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Custom of the Week: AC Sanctury’s ‘New’ Kawasaki Z1




THE NEW KAWASAKI Z900RS had barely broken cover when custom examples started popping up.

First Kawasaki Japan commissioned three builds from local workshops, then Kawasaki Australia handed one over to veterans Deus.

But there’s one name that’s curiously missing from the list: AC Sanctuary. The enigmatic Japanese powerhouse has proven time and time again that if anyone knows how to resto-mod a vintage Zed, it’s them.

If we had a direct line to Kawasaki Motors, we’d tell them to get a new Z900RS over to AC Sanctuary, pronto. And we’d use this show-stopping 1970s Kawasaki Z1 to plead our case.

Numbered RCM-431, it was built for a client in Tochigi Prefecture, north of Tokyo. He already owns a newer Zephyr 1100, so the AC crew knew that they’d need to step up the older Zed’s performance to match. Luckily ‘RCM’ stands for ‘Real Complete Machine’—so this Kawa’s had every upgrade imaginable thrown at it.

Everything now fits with millimeter precision, with rubber mounts added to damp any fairing vibration at speed. The bars are superbike items from POSH Japan, and there’s a digital speedo tucked behind the new screen. Functional items like turn signals and mirrors have all been updated to modern equivalents.

There’s enough going on under the hood to make sure this Zed has the ‘go’ to match its ‘show.’ Even though it says ‘900’ on the side, the engine’s been taken to 1,165 cc with a set of Wossner pistons. The rebuild was extensive, covering everything from honing the cylinders to balancing the crank.

The line between classy and kitsch is very fine when you’re working with gold, but AC Sanctuary have nailed the Z1’s livery. Every last finish on every last part of this Kawasaki has been thought of, with tasteful gold touches lurking everywhere, and an engine coating so clean you could eat off it.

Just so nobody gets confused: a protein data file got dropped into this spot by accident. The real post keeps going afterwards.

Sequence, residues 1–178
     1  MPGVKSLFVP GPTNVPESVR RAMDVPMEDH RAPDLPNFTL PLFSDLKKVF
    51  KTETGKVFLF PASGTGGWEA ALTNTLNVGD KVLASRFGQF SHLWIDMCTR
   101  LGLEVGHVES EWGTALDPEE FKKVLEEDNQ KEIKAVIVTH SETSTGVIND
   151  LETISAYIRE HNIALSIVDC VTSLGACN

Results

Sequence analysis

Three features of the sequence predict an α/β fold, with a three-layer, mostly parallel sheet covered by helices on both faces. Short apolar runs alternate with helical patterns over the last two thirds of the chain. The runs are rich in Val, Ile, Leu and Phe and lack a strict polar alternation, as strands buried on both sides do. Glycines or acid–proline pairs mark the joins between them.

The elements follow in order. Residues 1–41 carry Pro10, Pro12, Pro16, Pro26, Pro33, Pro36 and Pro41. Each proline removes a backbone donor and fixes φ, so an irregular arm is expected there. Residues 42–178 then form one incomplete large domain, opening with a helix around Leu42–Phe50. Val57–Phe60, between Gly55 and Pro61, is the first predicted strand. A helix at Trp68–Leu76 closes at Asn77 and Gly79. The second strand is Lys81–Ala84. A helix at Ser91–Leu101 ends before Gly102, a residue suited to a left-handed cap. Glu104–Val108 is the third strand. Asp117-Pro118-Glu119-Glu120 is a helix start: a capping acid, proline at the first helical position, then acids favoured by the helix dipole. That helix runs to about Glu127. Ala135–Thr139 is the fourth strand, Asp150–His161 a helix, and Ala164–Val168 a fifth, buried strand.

Combined with the big four’s iconic oversized seat and tail section, it creates an old school vibe with a better-than-factory effect. Which is what AC Sanctuary excel at.

Isn’t it about time they got that call from Kawasaki?

This article originally featured on Bike Exif; extracts and photos are republished here by permission. Head on over to the original article for more glorious photography and details.

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The world's most exciting cafe racers, bobbers, scramblers and trackers. BIKE EXIF IS THE WORLD’S MOST POPULAR showcase for custom motorcycles. Several days a week, we deliver a hand-picked selection of the latest cafe racers, scramblers, trackers and bobbers from top builders.


Harley-Davidson release two new, old Sportsters



New Harley Iron 1200 and Forty-Eight Special come with new graphics, chrome and high bars.

There are a lot of new motorcycles coming out of the Harley-Davidson stable – at least one hundred by 2027 in fact, so we can expect a frequent flow of model revisions and changes to be revealed over the coming months and years.

The two new bikes announced today by Harley aren’t hugely new or exciting – but the new graphics are pretty sweet and ape-hanger bars are always worth clinging onto.

‘Since its inception, the Sportster has offered the perfect combination of size, power and character that makes it appealing to so many different riders’ -Brad Richards, Harley-Davidson V.P. of Styling & Design.